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Sylvain Hellegouarch

> If Amazon S3 detects that an object has been lost any subsequent requests for that object will return the HTTP 405 ("Method Not Allowed") status code.

Wouldn't "410 Gone" have been more logical since you know it did exist but not any longer.

Sergey

This is already supported in S3 Backup, BTW. http://s3bk.com/

Dirkdk

sounds cool!

is the API the same as for S3? In other words, is it just a configuration to switch from S3 to RSS?

greets, dirk

-dan

Seems to me like you are setting up a case in which you will 'lose' an item ever year to get people to upgrade.

David Zuelke

I agree with Sylvain. "405 Method Not Allowed" is definitely the wrong status code. Please change it to "410 Gone", that's exactly what it is for. You'll need 405 at some point in the future to indicate something else (let's say when you have a read-only item, then you want to return a 405 error when someone DELETEs or PUTs to it).

Dan

Shame there's no way of getting notification when an object is lost, short of regularly looking at all objects and checking the status. Is this something that's impossible because of the S3 architecture, or could it later be added as a feature?

mamund

I think 405 is not the right response for content missing on the server. 405 tells clients "stop performing that request, this server doesn't support it." Instead I suggest using 422 (http://www.webdav.org/specs/rfc4918.html#STATUS_422) or maybe 424 (http://www.webdav.org/specs/rfc4918.html#STATUS_424) from the WebDAV specs. Both of these response code relate to the condition of the data on the server, not the protocol method used by the client.

John Haugeland

The standard suggests that the correct status is 410 Gone, not 405 Method Not Allowed. Gone is for when a resource is missing, cannot be found elsewhere, and should be considered permanently missing. 405 is for when the resource is available, but the method (post, get, push, etc) is not allowed for this one specific resource.

This will have a significant impact on proxies. Note that you are not returning a list of valid methods in the Allow header as the standard requires (and cannot, because there will be no allowed methods, meaning that 405 is an impossible response to make legal.)

http://www.w3.org/Protocols/rfc2616/rfc2616-sec10.html

Quoting the standard:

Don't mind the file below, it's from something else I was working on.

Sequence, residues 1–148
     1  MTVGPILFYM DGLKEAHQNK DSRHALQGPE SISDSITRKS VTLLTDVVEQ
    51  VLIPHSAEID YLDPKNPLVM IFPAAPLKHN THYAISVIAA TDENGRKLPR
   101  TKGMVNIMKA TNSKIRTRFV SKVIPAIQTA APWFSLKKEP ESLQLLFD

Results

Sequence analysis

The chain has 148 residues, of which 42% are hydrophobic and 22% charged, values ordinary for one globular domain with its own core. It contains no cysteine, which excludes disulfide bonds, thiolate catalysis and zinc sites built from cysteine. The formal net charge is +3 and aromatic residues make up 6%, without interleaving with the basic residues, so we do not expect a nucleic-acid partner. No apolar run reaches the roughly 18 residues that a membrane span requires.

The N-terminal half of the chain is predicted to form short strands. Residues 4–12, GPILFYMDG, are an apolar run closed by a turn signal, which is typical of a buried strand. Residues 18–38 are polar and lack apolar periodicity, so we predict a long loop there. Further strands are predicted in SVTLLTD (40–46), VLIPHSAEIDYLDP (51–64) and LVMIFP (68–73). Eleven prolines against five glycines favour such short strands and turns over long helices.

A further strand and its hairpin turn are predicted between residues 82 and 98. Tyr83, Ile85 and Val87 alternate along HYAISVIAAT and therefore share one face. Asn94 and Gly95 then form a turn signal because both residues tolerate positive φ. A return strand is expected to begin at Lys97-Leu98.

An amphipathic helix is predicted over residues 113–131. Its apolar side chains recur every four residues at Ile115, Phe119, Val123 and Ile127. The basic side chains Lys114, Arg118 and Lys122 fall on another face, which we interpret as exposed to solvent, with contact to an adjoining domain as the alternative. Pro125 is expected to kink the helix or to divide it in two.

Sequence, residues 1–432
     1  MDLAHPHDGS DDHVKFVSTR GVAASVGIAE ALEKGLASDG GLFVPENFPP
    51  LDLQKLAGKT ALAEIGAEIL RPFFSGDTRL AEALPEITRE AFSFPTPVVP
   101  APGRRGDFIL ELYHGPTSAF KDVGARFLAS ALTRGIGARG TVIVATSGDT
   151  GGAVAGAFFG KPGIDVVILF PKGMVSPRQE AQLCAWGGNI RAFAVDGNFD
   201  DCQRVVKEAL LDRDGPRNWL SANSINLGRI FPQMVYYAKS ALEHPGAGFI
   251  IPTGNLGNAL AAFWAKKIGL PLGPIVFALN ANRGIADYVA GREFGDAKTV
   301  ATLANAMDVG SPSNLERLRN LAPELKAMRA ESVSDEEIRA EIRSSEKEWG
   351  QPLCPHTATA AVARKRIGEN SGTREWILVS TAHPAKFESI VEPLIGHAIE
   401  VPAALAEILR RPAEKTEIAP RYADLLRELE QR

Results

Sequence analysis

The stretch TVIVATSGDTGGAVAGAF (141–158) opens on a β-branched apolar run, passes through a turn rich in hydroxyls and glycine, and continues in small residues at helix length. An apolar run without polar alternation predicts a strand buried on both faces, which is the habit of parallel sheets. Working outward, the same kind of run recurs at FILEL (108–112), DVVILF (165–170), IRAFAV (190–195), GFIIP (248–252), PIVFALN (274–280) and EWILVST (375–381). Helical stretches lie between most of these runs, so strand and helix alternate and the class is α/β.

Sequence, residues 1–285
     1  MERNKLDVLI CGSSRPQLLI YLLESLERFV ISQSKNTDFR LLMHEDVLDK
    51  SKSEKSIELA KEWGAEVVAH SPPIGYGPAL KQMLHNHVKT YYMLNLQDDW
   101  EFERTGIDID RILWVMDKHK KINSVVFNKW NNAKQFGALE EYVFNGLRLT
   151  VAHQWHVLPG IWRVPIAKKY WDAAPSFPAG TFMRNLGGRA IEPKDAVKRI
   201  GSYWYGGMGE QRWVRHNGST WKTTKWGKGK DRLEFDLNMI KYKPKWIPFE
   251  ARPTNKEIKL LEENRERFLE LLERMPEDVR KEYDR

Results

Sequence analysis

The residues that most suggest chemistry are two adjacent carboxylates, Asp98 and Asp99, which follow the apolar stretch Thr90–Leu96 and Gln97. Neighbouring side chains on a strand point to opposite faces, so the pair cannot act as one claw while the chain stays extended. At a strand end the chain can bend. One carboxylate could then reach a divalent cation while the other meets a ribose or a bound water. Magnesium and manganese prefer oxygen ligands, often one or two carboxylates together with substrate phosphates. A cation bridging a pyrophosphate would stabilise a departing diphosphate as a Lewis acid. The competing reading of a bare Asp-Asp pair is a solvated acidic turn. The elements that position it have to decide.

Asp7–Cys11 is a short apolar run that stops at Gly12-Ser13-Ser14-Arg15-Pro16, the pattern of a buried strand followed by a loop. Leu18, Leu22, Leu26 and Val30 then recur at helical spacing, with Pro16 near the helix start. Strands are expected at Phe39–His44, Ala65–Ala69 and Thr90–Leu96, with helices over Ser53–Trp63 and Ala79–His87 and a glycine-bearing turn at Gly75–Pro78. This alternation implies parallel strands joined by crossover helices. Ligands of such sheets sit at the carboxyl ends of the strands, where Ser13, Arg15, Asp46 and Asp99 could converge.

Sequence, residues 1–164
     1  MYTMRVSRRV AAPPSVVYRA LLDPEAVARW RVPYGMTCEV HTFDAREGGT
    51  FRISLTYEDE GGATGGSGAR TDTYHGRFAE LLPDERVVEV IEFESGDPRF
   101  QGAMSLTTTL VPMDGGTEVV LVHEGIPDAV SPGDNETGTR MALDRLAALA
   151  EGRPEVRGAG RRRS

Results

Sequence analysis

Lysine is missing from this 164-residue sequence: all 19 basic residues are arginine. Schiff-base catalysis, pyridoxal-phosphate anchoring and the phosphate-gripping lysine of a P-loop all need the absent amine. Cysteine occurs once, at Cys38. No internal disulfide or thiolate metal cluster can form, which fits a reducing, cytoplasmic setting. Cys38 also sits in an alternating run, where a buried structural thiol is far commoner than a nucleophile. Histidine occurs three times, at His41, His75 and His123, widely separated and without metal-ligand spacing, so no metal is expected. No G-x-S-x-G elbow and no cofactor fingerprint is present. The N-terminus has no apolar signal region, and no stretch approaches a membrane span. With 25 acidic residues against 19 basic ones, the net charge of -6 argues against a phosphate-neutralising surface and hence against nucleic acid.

---------------------------

10.4.6 405 Method Not Allowed

The method specified in the Request-Line is not allowed for the resource identified by the Request-URI. The response MUST include an Allow header containing a list of valid methods for the requested resource.

---------------------------

10.4.11 410 Gone

The requested resource is no longer available at the server and no forwarding address is known. This condition is expected to be considered permanent. Clients with link editing capabilities SHOULD delete references to the Request-URI after user approval. If the server does not know, or has no facility to determine, whether or not the condition is permanent, the status code 404 (Not Found) SHOULD be used instead. This response is cacheable unless indicated otherwise.

The 410 response is primarily intended to assist the task of web maintenance by notifying the recipient that the resource is intentionally unavailable and that the server owners desire that remote links to that resource be removed. Such an event is common for limited-time, promotional services and for resources belonging to individuals no longer working at the server's site. It is not necessary to mark all permanently unavailable resources as "gone" or to keep the mark for any length of time -- that is left to the discretion of the server owner.

---------------------------

David and Sylvain are correct. Please fix.

Eric

I agree with those wanting 410 gone. The WebDAV errors that mamund suggested are not good because they suggest that the entry still exists or that it can possibly recover. 410 maps exactly to the problem: your file is gone, sorry.

John Haugeland

Dan: disks fail. No amount of redundancy can prevent that more than one disk could fail simultaneously. One loss in ten million every ten million years - eleven nines - is ridiculously stable. If someone advertises 100% to you, they are lying through their teeth.

Amazon is a large industrial company. They cannot tell lies like that.

If you were to move the entirety of WordPress.com - the one that hosts tens of thousands of blogs - to this storage service, it's quite likely that you'd still lose less than one item (posts, comments, settings fields, et cetera) every ten thousand years.

So, y'know, a 20% chance that one thing would have been lost since we turned over Year 0.

That's not setting up for upgrades. That's just facing facts: electronics aren't perfect. Things fail, and even with extreme redundancy, it is possible that all the disks carrying copies of your data will fail before any may be replaced.

If one in ten million since the time of the dinosaurs isn't good enough for you, you might want to have hosting that isn't mass market value oriented.

It's more than good enough for almost anything legitimately imaginable, though. Short of if you're a bank or a nuclear power plant, eleven nines should be just fine.

Besides, statistically, the thing you'll end up losing is going to be some form of spam. That's pretty much the only thing the internet generates anymore, besides pornography.